Technology that first appeared in digital watches and calculators back in the 1970s is being used to develop durable and community-friendly low energy street lighting.
Researchers at The University of Manchester have joined forces with Dialight Lumidrives - founded by a successful former student - to develop powerful low-cost LED lighting modules that can be used in buildings and on roads.
Academics in The School of Electrical and Electronic Engineering will draw on their expertise to investigate how tightly packed groups of LEDs can be made to work safely and reliably.
Lighting solutions that use LEDs have the potential to reduce energy consumption by between 25 and 50 per cent, depending on the application.
But thermal and electrical issues at lighting levels of 12,000 lumens and above - a typical 60w household light bulb produces about 800 lumens - are barriers to the wider adoption of LED technology.
Engineers will be working with York-based Dialight Lumidrives to tackle tough issues such as the amount of heat generated by LEDs packed closely together.
As the LED modules will be used outside, academics will need to consider environmental factors, such as the possibility of a bird nesting over a vital heatsink.
Another hurdle will be the regulations that govern things like glare and light pollution, and engineers say that directing LED light sources onto the required area will be a challenge.
The one-year project has been funded with a £175,000 grant from the Department of Trade and Industry-led Technology Programme. Dialight Lumidrives is contributing another £175,000 to the scheme.
A key aim of the project is to develop a solution that is very reliable but not prohibitively expensive.
Dr Roger Shuttleworth from the Power Conversion Group at The University of Manchester, said: "LED technology first came to prominence in instrument displays back in the 1970s, but we are increasingly seeing it used in things like traffic signals and car lights.
"Towards the end of the twentieth century, the old fashioned sodium street lights that made everything look orange were gradually replaced by high-pressure sodium lamps.
"While these are brighter and more aesthetically pleasing, and can help tackle street crime and anti-social behaviour, they are also less energy efficient.
"With the environment at the top of the public and political agenda, energy saving has become a very important issue. When you consider how many street lights there are in the UK alone, it's clear there are some big opportunities for energy and cost savings."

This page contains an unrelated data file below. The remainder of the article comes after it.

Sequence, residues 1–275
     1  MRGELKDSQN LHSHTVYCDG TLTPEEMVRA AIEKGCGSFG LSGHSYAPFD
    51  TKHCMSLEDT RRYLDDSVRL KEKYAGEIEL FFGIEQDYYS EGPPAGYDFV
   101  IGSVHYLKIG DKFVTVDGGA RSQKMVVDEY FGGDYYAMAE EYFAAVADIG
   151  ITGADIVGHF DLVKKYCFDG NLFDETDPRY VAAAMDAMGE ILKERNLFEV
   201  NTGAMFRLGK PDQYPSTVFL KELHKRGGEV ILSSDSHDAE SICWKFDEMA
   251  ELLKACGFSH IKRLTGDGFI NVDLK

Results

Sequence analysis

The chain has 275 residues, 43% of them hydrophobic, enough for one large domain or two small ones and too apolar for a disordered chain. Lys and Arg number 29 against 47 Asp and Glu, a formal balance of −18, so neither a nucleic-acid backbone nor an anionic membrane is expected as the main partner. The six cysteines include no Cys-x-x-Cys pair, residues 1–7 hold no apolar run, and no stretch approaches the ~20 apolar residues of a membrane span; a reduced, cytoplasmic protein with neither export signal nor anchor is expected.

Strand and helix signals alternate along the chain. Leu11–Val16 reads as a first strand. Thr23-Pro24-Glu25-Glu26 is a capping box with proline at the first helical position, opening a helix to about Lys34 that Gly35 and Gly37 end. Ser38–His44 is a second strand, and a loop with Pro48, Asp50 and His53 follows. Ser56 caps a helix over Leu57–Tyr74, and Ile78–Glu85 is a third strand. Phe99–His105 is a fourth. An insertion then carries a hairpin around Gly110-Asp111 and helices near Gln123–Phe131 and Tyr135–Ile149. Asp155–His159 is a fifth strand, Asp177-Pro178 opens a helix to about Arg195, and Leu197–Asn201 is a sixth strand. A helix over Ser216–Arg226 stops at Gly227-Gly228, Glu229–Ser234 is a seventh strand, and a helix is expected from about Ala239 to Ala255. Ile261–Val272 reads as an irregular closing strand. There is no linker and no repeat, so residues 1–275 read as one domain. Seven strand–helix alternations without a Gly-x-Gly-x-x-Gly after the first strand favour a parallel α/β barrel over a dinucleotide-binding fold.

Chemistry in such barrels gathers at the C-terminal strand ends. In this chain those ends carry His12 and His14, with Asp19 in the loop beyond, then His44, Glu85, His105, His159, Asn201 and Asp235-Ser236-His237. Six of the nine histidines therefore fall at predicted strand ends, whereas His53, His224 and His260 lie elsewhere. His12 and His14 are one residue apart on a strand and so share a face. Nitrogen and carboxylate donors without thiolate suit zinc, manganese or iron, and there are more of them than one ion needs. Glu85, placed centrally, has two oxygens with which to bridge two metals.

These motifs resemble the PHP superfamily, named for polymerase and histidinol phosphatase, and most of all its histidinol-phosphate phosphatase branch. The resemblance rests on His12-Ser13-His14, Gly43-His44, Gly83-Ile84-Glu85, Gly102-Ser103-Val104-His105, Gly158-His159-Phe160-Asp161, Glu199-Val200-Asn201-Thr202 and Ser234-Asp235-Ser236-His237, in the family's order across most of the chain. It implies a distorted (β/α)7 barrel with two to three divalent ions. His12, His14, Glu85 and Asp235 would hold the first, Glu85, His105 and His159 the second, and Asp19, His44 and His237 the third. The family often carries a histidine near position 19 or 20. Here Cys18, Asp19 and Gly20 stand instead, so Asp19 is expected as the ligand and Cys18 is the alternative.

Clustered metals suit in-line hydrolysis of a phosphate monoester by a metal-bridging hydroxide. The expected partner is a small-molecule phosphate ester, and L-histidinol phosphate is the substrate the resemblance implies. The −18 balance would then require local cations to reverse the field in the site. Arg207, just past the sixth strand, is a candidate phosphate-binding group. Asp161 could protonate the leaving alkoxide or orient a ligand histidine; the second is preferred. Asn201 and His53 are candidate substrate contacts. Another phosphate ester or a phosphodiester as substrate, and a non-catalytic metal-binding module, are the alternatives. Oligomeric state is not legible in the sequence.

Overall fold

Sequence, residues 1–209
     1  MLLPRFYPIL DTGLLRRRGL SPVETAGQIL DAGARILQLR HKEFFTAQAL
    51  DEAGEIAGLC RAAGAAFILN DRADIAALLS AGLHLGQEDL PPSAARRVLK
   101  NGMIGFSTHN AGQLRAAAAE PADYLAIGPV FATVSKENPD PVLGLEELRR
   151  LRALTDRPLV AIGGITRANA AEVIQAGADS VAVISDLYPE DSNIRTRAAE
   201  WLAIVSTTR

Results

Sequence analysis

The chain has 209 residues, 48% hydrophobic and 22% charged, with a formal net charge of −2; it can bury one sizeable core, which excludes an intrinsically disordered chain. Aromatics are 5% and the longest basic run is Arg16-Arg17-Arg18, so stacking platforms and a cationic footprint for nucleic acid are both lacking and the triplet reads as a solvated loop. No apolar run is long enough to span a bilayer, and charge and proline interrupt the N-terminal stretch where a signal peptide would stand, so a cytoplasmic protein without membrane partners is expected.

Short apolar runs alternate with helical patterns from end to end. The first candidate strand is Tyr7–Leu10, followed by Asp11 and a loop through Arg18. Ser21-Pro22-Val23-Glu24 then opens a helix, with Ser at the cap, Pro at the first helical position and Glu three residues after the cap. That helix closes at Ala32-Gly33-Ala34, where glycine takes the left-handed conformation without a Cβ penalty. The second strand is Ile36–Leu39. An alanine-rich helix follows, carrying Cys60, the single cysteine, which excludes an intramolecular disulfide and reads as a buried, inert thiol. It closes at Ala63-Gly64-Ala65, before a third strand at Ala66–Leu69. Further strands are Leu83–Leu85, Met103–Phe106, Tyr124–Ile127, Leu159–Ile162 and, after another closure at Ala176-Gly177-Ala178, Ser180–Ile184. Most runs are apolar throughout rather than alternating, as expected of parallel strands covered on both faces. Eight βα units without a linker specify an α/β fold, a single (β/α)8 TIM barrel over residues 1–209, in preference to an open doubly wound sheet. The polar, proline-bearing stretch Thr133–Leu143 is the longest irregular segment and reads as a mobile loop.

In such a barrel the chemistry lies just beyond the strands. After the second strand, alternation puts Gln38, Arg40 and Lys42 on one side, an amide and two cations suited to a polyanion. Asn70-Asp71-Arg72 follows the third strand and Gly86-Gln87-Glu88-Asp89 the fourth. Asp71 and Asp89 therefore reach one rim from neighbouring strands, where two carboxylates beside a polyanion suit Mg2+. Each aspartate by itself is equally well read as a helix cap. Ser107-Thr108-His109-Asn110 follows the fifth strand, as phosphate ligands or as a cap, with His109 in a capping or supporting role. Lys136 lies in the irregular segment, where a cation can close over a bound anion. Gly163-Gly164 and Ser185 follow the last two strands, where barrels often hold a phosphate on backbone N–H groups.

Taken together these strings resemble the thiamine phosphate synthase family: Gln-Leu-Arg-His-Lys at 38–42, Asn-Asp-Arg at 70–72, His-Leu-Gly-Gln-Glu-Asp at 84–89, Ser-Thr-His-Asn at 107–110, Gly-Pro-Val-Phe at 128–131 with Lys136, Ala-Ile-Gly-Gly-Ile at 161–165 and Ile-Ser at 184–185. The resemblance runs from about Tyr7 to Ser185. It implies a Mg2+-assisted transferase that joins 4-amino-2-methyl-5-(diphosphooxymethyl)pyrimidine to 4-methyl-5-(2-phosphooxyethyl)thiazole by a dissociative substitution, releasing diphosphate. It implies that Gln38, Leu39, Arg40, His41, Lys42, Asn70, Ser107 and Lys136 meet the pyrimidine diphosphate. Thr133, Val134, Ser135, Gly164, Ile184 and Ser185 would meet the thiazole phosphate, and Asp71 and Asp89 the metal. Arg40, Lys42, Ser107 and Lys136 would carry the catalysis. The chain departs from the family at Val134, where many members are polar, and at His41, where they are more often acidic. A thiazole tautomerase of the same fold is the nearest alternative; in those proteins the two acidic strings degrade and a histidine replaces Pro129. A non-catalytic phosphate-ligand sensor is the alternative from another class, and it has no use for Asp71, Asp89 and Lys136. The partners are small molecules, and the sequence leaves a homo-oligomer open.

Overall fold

Gordon Routledge, MD of Dialight Lumidrives, who studied Electrical and Electronic Engineering at the old UMIST and graduated in 1996, said: "LEDs are on track to become a major source of lighting over the next decade.
"Although significant investment is on-going in the core development of the LEDs themselves, the surrounding technology development is being left to manufacturers who have little knowledge of electronics or LEDs.
"We are proud to be working with The University of Manchester to develop technology which will drive the adoption of this revolutionary lighting source in everyday applications."
While high-pressure sodium vapour street lighting - common across much of Europe - gives an efficiency of around 85 lumens per watt, LED technology is on track to exceed 150 lumens per watt - and this figure is rising as new semiconductor developments occur. The mercury used in the old-fashioned lights also has implications for the environment.
As well as cutting energy consumption and overall running costs, researchers say that LED street lighting could help reduce light pollution - and the glow that radiates from big cities could become a thing of the past. It's also proposed that LED street lighting could be controlled and dimmed when necessary.
With a longer lifespan, LED street lights would need to be replaced less often, potentially cutting down on traffic disruption and local council repair bills.
The lifetime of the proposed LED module is in excess of 50,000 hours or 10-years if used for road lighting - approximately four times longer than a conventional street light.
Source: University of Manchester
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